Aero bars

Posted by SuperClydesdale on May 19, 2010 under Commentary, Road Bike Components | Be the First to Comment

I was scorching on my velocipede yesterday…  going down Sacramento’s American River Bike Trail, which is moderately safer on a weekday evening.   On a weekday, the number of baby strollers, dogs on long leashes, and walkers/waddlers is reduced to the point where the trail is usable.  Once Spring hits, the number of people using the trail on weekends skyrockets, and while this makes for great people-watching, it’s not so good for riding a bike above, say, 15 miles per hour.   It can become an obstacle course.

It was a pretty good day and I was able to cruise at a good clip.

Among interesting sights were two rattlesnakes (within the first 6 miles) which I missed by inches, and two suicidal squirrels that I was convinced were going to run under my wheels the moment I passed.  Far less interesting but equally disturbing were the large number of people with aero bars.

Aero bars have always been a puzzle to me.  I understand their purpose — to reduce wind resistance —  and I can see an appropriate time and place for their use, such as a time trial, or preparing for a time trial.  I can see them in ultra-distance events where you just want to get the ride the hell over.  Beyond that, I am always curious as to who puts those things on their bike for everyday use?  What’s the point?

First (from a purely analytical approach), aero bars make it hard to react quickly, as well as making it hard to turn in general.  Anyone that doubts this should simply man a turnaround point on an out & back time trial.  You’ll see an impressive number of crashes if aero-bar users are forced to make a 180-degree turn in a tight space.   Most aero bar users are not skilled enough to safely use them in crowded areas.  That’s why many organized rides don’t allow them to be used – it’s a safely issue.  Not only is turning difficult, but braking typically requires that you get up out of the aero position and grab the brake lever on the handlebars.   That takes time.  So, using aero bars while riding with others  is making the statement that you don’t care about your safety, and  – more important — you don’t care about their safety.

Second (from a philosophical approach), why the hell are you riding anyway? Isn’t it to get a workout?   Are you trying to slip through the air to make your cruise that much easier?  Why don’t you take the next logical step, and buy a recumbent?  If you are able to steal an hour or two from your schedule to fit in a training ride, wouldn’t it be best to get a better workout?  Maybe its because I don’t use bike trails much (they don’t have them up near me), but I don’t see many aero bars away from bike trails – what I will call real riders don’t use them, unless they are in a time trial.

“Daddy, what’s that thing on that man’s handlebars?”

“Don’t worry son, those are called aero bars.  It just means that you are lazy and you want everyone to know it.”

the combover dude

Think I look good now? Wait til you see me on my aero bars! I'm a speed racer!

Third (from my natural approach, which is to point out and then laugh at the flaws of others), if you are so damn fat that you cannot both use aero bars and pedal with your knees pointing in the direction that the bike is going, then you should reconsider the use of said device.   I saw three people yesterday that had to pedal with their knees way out on the side so that they could remain hunched over on the aero bars and not have their knees and thighs pushing up against their gut.  That’s a good look.   I think these are the comb-over guys, who are so unaware of how others might perceive them that they think that they actually look cool.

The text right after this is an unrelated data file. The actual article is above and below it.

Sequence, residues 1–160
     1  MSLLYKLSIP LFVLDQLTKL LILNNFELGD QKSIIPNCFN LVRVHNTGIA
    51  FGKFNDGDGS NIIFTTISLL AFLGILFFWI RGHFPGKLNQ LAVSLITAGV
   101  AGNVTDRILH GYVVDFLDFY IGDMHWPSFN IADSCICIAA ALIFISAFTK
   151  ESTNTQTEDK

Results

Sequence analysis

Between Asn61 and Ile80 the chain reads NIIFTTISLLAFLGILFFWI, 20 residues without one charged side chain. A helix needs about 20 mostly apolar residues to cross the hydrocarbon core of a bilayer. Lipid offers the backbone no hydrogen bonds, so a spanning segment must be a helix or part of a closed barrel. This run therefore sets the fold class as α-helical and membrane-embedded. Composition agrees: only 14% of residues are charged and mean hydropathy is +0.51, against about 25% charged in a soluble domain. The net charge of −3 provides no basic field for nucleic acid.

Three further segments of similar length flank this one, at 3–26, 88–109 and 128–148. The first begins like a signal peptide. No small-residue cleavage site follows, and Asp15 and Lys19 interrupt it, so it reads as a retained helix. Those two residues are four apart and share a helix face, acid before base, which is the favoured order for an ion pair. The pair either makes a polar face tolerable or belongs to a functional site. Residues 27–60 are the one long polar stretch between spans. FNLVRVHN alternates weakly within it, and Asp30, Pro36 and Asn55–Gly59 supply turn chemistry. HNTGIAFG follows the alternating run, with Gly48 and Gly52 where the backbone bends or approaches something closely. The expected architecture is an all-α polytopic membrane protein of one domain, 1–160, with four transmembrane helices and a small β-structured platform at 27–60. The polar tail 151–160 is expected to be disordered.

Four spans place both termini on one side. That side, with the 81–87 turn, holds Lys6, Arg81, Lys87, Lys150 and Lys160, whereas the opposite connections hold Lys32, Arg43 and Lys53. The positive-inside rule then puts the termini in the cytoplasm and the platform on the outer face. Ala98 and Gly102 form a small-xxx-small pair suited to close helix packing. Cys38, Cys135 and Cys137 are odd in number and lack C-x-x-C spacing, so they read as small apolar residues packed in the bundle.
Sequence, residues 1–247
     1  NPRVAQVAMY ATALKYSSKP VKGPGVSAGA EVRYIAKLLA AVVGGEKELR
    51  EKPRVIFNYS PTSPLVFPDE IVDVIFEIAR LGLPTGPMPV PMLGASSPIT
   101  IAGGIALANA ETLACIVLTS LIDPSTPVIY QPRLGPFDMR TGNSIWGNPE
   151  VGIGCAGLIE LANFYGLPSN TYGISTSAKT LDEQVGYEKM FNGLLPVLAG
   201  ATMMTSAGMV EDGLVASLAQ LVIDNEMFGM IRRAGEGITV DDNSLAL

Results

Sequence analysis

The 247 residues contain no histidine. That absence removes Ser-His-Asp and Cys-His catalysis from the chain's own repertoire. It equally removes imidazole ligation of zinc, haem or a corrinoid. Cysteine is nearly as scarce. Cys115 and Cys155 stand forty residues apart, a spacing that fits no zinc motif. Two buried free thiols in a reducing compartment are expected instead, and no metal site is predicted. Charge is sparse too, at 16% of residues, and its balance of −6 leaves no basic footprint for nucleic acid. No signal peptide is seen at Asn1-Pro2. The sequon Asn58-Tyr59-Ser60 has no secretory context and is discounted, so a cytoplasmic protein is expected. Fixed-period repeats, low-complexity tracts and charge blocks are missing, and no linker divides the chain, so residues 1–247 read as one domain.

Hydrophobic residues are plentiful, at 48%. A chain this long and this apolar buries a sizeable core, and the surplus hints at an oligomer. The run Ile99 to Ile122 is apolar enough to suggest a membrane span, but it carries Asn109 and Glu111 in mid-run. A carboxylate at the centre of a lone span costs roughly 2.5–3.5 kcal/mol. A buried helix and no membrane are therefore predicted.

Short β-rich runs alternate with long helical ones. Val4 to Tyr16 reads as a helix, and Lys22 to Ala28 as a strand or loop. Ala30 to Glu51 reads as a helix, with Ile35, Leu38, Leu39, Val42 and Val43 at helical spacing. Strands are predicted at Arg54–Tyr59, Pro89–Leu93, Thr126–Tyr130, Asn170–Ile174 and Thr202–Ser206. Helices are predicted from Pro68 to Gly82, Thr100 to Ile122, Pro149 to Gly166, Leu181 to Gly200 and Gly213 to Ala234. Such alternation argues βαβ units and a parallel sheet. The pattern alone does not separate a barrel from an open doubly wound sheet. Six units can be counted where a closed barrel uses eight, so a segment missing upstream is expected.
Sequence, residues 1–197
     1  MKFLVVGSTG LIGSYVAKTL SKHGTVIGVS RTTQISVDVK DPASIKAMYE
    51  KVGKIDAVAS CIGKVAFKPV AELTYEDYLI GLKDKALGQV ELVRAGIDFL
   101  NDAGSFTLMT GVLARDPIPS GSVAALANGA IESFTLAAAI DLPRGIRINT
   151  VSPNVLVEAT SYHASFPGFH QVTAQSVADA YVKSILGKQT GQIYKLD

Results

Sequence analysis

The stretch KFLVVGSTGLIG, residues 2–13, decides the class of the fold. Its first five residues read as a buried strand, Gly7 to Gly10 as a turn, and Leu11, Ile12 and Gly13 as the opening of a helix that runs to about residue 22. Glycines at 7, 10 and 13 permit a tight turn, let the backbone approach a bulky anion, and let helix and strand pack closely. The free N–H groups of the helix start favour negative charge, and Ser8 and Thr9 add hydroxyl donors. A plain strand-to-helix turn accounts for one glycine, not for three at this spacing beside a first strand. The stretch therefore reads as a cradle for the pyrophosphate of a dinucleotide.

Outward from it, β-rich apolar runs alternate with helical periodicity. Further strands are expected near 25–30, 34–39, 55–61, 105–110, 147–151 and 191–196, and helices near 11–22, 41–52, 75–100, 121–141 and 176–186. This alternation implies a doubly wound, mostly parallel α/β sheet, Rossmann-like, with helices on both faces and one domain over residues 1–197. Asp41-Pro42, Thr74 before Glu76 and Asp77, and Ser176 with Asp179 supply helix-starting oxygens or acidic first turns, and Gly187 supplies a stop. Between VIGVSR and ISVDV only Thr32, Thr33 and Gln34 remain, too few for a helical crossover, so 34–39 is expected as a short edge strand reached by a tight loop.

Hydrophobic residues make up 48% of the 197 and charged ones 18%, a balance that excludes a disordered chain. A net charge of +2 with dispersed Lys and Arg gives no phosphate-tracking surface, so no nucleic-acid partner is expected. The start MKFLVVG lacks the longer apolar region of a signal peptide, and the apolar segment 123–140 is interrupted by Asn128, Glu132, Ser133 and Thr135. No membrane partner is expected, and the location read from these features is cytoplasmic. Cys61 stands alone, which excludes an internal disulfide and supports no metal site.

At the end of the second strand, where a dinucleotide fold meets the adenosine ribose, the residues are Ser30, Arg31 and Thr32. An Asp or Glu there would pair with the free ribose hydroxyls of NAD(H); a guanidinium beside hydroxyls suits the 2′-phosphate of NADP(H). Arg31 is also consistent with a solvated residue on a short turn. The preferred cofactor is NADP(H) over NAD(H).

“I’m a racer.  I am so very speedy.  I haven’t seen my feet in two years, and my wife has to tie my shoes, but I am a racer.”   The funniest thing is that with their knees out to the side, and their legs at 30-degree angles away from the top bar of the bike, they are almost certainly catching enough air with their legs to negate any wind-cheating benefit of the aero bar.

I also read that riders feel more powerful when in the “aero position.”   Why not… ride more?  Why not actually get more powerful?  Then, you’ll feel more powerful.  If you are such a casual rider that you need aero bars to feel more powerful, then you have no business using aero bars.  If you ride so little that you need the aero bars, then you are not experienced enough to use them safely.

There needs to be standards of behavior, and who better to both establish and enforce these standards than me?  So, some aero bar rules:

  • You can use aero bars if you are participating in a time trial, or preparing for a time trial
  • You can use aero bars if you are participating in or preparing for a triathlon
  • No using aero bars in group rides, or in and around traffic
  • No aero bars in pacelines
  • If you can see another rider or another rider can see you, no aero bars
  • If you cannot see your feet when standing normally (not bending at the waist), no aero bars for you.
  • If you cannot tie your own shoes, no areo bars
  • If you have a golf handicap of 10 or less, no aero bars (such a handicap will almost certainly mean that your use of aero bars is already disallowed based on previously stated rules)
  • If your average in bowling is greater than 180, no aero bars (again, your use of aero bars is likely already disallowed based on previously stated rules)

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